Horticulturalist Zac Stayton bids a fond farewell to HMNS

Editor’s Note: After four and a half years, Zac Stayton, Horticulturist for the Cockrell Butterfly Center, is leaving HMNS for a new job as a Project Manager for the grower Color Spot. I sat down with him this week to discuss his time at HMNS, his favorite projects and what he’ll be up to next.

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Vincent Covatto: So Zac, we’re very excited for you about your new prospects, but sad that you’ll be leaving. Could you tell us a little about what your job has entailed here at HMNS?

Zac Stayton: Basically, the beautification and upkeep of the Butterfly Center itself, from making sure all the plants are blooming, which ends up feeding the butterflies, to maintaining the tropical fruits, pollinating the chocolate trees and the coffee. Pretty much everything that goes into the conservatory itself, from irrigation and upkeep of the waterfall to electrical and everything in between.

VC: So we’ve essentially been running you ragged for the last five years.

ZS: [laughing] You could almost make it a job for a team of four.

VC: Or one Zac.

ZS: [laughing] Yeah, yeah.

VC: What are some of your favorite things that you’ve worked on in your time here?

ZS: Of course Lois and some of the tropical flowers that you wouldn’t normally get to encounter here in the Houston climate. There are some crazy orchids that we’ve got in there. We’ve got one in particular that’s endangered, and almost went extinct when the Japanese invaded a small island off the coast of Taiwan, so it’s very, very rare. Just getting to see some those plants bloom, I mean I’m one of the few people that ever gets to grow these plants, is really a great experience.

Also being able to grow coffee and chocolate, pineapples and vanilla — which you wouldn’t get to do outside of the glassed-in enclosure there in the conservatory.

VC: I remember this past winter we had had a coffee tasting in the conservatory. Was that sort of your own pet project?

ZS: Yeah, that coffee tree was actually kind of a fluke, we call it a volunteer. We took an old [tree] out when I first started and it dropped one single seed and it ended up growing into this tree that we didn’t even mean to plant there. And so, I guess it was maybe last September, October, I looked at it and it was just covered in berries, and it was like, well we’d better do something with all this coffee, rather than just letting it all go to waste.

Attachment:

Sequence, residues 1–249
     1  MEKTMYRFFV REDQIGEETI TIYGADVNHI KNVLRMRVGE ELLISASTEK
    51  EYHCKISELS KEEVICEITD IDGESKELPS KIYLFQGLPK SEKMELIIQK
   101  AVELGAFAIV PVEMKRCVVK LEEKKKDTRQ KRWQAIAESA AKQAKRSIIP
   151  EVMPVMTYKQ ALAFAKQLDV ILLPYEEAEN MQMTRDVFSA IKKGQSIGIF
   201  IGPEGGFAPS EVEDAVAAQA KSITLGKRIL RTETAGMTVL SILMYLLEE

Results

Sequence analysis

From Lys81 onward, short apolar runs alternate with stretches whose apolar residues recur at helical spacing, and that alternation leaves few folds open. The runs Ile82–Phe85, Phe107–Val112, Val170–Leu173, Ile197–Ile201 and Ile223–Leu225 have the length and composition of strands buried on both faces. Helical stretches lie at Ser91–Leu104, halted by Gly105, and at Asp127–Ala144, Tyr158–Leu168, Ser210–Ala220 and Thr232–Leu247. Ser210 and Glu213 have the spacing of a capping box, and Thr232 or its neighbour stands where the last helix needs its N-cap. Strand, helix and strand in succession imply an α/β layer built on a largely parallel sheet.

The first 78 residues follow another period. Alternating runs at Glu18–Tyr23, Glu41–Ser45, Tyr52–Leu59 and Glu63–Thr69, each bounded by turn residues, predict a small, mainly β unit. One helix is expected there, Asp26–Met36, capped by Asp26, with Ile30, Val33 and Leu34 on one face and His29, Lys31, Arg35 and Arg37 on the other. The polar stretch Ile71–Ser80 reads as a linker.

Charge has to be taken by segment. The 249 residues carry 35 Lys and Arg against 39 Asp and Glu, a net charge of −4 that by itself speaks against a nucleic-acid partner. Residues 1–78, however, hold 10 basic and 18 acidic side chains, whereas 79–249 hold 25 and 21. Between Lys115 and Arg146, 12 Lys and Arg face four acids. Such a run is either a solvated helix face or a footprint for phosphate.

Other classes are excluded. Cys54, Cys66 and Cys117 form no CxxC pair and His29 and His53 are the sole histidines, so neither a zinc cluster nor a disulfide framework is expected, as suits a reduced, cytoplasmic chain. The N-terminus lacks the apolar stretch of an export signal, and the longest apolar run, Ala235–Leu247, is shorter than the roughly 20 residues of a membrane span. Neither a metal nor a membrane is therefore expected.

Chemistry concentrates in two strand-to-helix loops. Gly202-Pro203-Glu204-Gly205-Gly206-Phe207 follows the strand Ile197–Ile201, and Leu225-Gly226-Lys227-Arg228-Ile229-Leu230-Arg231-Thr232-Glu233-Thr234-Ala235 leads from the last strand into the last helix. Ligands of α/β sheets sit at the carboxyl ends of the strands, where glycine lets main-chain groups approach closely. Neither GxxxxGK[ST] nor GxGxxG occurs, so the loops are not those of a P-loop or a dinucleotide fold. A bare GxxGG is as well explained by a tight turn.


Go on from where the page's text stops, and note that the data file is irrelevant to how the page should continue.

So I went through and kind of studied how to do it and there’s not a lot of — like a lot of things in the Butterfly Center… you can’t just google these plants and see what to do. So I had to do a lot of calling around.

Here in Houston there’s plenty of coffee shops that will roast the beans for you, but we had undried beans. And it was like, ok how do we get these to the point where we can roast them. So we really had to break it down step by step and do some trial and error, with the whole process — from cracking the beans and drying them and roasting them and then finally grinding them and finally drinking them. It was pretty eye opening to see what actually goes into your daily cup of coffee.

VC: [laughing] Or four…

ZS: [laughing] Yeah depending on the day. Two for me at least. Minimum.

VC: Well I bet that was your favorite cup — the best coffee you’d ever had.

ZS: Definitely. Definitely, yeah, I mean I think everybody in the Butterfly Center got blisters on their fingers just having to — there’s what’s called parchment coffee and you basically have to take this thin layer of parchment off of each of the several thousand beans that we had. And they have machines for that for that kind of stuff in the tropics, but I couldn’t find one, at least in the area. I think the closest one was in Hawaii or Coast Rica, so we had to do it all by hand. And so you definitely get a new appreciation for coffee.

VC: Do you have a favorite plant, either inside the conservatory itself or something you’re really interested in?

ZS: I have a favorite plant family. I like bromeliads. So everything related to — the closest relative would be pineapples, but they also include Spanish moss [so there’s a big range]. I actually grew these in Hawaii before I came here so that’s kind of been my expertise, if you will, I’ve channeled myself into those a little bit more than some of the other plant species.

VC: So what is your new job?

ZS: [I’ll be working for] Color Spot the largest grower in the U.S. right now, and they have several locations — I thinking six or seven in Texas — but the branch that I’ll be at is in Huntsville. And I’ll be the production manager, making sure the timing goes through. Most the plants there are bedding plants, they’re seasonal.

For example, when Christmas time rolls around it’s going to be my job to make sure that all the poinsettias and mums and things like that are all ready, that they’re nice and red and at a specific time are on the shelves ready for people to buy.

VC: So you’ll be making sure that everything is timed right.

ZS: Exactly.

VC: So you determine when things are planted, when they’re harvested?

ZS: Exactly. There are a couple teams of growers, so I’ll be the Production Manager, from the time the plant gets put in the soil, until the time it gets on a truck headed to the main customers — I make sure it’s all on schedule.

If you’ve ever bought a plant from Walmart or Home Depot, or Lowes or Kroger, any of those big box stores, especially here in Texas, it’s come from Color Spot. Also smaller nurseries around town will buy their plants.